The top stories this Thursday night
The Taoiseach Leo Varadkar says Ireland will have to remain vigilant in phase two of Brexit talks.
This is despite getting what he says is a strong agreement that there will be no hard border.
Mr Varadkar says the deal provides guarantees if no agreement can be reached on trade with Britain in future - known as a 'backstop' scenario.
"What we're saying here is that within this backstop scenario, the United Kingdom and Northern Ireland in particular, would maintain full alignment with the rules and regulations of the internal market and the customs union as a backstop arrangement - and that gives us a very strong assurance that there won't be a hard border on the island of Ireland.
"But we're not complacent, either - this is politics, we're going to need to stay very engaged in the months and years ahead - and very vigilant, too".
The leader of far-right group Britain First has been charged with using threatening, abusive and insulting words or behaviour.
The charges against Paul Golding are in relation to a speech he made at a rally in Belfast in August, the Police Service of Northern Ireland (PSNI) said.
The 35-year-old was arrested on Thursday as he accompanied Jayda Fransen, the group's deputy leader, as she appeared in court accused of behaviour intended or likely to stir up hatred during the same rally.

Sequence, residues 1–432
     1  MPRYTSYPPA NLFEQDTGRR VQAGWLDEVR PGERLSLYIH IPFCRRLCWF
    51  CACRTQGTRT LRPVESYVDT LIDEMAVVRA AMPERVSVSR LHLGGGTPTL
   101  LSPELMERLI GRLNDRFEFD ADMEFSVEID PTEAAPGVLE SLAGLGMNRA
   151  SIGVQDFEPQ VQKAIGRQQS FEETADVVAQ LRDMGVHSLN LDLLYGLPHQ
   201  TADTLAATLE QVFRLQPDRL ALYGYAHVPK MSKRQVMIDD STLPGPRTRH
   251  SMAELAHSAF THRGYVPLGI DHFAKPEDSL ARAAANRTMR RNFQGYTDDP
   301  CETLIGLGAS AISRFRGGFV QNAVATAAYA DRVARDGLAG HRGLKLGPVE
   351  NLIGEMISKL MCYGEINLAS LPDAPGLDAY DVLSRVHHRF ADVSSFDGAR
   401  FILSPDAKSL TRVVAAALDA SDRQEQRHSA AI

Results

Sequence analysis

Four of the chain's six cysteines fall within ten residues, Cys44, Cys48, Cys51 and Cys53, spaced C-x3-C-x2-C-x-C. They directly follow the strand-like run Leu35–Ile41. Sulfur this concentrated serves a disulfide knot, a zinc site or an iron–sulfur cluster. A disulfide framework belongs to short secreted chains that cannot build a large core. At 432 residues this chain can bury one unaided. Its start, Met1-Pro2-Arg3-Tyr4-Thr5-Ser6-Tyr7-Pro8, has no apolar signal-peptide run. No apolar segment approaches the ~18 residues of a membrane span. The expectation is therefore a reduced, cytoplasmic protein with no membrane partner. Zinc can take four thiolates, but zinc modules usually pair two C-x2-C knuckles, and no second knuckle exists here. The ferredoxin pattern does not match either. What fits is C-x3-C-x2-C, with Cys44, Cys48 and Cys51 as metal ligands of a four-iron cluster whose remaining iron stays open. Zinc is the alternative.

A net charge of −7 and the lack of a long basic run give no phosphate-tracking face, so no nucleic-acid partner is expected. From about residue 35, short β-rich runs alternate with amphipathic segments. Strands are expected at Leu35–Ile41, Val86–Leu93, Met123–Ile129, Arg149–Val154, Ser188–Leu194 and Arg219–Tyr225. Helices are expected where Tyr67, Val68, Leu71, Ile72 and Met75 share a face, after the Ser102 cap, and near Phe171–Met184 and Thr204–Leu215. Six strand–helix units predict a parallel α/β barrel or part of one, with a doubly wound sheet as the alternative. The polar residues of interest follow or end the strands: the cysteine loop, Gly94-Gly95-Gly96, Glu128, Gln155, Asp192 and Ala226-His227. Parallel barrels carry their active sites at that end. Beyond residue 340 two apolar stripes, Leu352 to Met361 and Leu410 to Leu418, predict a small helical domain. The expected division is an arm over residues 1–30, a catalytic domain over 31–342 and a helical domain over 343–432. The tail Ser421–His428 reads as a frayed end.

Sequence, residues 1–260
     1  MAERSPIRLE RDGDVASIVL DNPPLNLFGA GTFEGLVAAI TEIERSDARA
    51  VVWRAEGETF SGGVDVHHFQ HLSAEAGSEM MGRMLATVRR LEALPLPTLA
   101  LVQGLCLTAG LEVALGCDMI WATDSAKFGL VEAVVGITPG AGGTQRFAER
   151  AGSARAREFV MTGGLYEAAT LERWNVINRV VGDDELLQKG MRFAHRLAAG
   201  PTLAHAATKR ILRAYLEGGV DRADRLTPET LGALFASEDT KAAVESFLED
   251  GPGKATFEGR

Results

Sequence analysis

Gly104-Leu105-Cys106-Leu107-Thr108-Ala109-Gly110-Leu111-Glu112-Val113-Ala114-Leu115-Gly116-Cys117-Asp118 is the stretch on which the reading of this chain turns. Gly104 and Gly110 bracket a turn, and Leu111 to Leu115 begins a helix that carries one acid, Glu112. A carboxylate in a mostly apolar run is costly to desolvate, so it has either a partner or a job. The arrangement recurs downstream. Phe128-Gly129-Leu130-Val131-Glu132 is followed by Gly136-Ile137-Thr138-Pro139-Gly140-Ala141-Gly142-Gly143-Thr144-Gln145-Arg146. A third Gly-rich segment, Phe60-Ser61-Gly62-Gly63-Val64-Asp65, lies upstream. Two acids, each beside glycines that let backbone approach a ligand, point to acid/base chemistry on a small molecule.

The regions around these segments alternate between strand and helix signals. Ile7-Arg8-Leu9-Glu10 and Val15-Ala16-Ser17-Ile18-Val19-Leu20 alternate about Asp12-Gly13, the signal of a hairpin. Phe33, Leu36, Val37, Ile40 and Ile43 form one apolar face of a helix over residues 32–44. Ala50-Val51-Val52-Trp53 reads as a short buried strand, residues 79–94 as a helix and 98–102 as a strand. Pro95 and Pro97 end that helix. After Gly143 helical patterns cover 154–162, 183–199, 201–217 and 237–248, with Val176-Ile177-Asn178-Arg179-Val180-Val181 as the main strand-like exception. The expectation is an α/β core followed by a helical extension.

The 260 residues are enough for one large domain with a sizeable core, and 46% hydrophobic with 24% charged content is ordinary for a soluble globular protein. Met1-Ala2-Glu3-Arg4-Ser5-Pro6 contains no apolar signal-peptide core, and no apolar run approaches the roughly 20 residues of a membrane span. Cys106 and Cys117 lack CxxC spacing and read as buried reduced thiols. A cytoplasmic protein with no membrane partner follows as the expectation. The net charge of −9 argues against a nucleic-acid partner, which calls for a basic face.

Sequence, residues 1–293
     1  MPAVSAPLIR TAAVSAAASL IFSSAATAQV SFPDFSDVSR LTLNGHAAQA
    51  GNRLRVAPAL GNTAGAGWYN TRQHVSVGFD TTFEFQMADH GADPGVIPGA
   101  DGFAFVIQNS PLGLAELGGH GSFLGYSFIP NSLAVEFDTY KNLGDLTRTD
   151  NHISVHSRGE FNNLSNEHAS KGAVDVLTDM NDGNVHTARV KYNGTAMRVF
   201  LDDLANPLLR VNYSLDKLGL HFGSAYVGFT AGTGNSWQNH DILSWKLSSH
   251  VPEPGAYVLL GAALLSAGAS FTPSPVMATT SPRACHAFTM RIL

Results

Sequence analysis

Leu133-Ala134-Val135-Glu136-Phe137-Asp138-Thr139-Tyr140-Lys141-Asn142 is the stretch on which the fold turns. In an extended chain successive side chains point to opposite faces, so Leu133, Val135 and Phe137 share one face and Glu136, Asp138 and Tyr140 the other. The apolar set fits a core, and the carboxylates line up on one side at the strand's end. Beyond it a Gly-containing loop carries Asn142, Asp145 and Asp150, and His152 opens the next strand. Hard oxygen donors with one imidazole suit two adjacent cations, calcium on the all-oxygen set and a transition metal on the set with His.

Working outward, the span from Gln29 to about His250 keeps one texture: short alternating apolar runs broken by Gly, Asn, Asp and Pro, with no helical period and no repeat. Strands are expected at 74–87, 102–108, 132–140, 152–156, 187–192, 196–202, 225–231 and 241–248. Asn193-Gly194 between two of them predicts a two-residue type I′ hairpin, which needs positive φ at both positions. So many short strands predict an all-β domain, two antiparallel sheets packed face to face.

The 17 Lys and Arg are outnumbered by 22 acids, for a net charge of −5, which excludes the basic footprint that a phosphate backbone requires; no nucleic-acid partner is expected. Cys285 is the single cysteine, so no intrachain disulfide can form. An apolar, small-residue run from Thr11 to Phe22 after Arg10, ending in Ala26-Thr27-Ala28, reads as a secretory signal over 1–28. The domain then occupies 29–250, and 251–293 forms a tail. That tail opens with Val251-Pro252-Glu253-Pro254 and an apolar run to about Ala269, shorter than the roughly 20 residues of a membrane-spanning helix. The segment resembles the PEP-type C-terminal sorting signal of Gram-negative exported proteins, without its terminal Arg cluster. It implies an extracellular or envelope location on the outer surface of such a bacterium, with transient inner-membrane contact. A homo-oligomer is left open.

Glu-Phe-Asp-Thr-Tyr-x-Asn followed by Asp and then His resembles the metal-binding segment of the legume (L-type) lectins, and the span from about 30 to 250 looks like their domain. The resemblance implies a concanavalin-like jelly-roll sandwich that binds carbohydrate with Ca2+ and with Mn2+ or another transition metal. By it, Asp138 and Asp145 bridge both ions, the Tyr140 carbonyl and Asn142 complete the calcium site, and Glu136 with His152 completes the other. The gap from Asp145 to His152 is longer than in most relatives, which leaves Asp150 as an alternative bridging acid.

The final profile from the 2016 Census has found that the number of people at work in Ireland has increased to just over two million since 2011.
The numbers of people looking after the home/family continued to decline, falling by 10.1% to 305,556 - while the numbers of retired persons increased to 545,407, up 88,013.
The 2,304,037 people in the labour force in April 2016 represented an increase of 71,834 on 2011.
The Taoiseach Leo Varadkar says it is time for the Irish people to have their say on the issue of abortion.
On Wednesday, the Oireachtas committee looking at the 8th amendment recommended abortions be allowed for any reason up to 12 weeks into a pregnancy.
Speaking in Brussels on Thursday, Mr Varadkar said: "This is a decision really for the Irish people, and I believe the time has come to allow Irish people to have their say on this issue.
"But I'll be doing my best to make sure that the debate that we have is respectful and civilised - and I think that's really important".
Media firm 21st Century Fox has agreed to sell its entertainment assets to Walt Disney Co for US$52.4bn (€44.3bn).
The deal will bring together the 20th Century Fox film studio behind hits such as Avatar, X-Men and Ice Age together with Disney's film assets which include Pixar, Marvel and the Star Wars maker LucasFilm.
The pair are respectively the fourth and second biggest movie studios in Hollywood and the deal means the 'big six' that have dominated Hollywood for nearly a century will become a big five instead.